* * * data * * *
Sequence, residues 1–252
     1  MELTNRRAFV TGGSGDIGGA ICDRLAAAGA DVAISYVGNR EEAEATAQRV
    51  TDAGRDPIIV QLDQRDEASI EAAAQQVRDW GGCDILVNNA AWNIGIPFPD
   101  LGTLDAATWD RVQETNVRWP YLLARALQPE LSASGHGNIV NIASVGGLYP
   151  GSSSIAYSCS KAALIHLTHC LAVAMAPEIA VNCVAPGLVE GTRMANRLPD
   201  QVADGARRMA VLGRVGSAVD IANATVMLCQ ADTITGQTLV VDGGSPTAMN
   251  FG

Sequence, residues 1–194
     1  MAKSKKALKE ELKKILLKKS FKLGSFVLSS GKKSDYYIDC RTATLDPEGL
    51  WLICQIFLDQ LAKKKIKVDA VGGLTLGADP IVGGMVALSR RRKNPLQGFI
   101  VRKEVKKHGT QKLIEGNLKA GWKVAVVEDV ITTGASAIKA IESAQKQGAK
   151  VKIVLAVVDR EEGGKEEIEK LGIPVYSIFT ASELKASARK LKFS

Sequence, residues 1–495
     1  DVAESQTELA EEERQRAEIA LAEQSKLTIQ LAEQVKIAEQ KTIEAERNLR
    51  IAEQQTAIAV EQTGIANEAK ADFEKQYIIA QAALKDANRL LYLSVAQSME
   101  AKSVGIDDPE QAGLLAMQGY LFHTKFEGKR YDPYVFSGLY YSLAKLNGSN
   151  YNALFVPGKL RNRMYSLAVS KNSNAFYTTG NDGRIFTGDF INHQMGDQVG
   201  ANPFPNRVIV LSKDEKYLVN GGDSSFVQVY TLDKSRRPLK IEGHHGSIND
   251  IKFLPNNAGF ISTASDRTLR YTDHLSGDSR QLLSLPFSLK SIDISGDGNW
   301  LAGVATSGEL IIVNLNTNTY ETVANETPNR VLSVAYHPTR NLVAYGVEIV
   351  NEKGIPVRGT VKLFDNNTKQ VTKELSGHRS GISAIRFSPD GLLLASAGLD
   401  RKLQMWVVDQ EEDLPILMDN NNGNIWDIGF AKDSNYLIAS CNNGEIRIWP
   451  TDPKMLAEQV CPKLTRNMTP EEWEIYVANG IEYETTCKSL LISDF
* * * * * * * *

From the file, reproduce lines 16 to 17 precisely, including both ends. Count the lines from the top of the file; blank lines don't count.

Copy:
   101  AKSVGIDDPE QAGLLAMQGY LFHTKFEGKR YDPYVFSGLY YSLAKLNGSN
   151  YNALFVPGKL RNRMYSLAVS KNSNAFYTTG NDGRIFTGDF INHQMGDQVG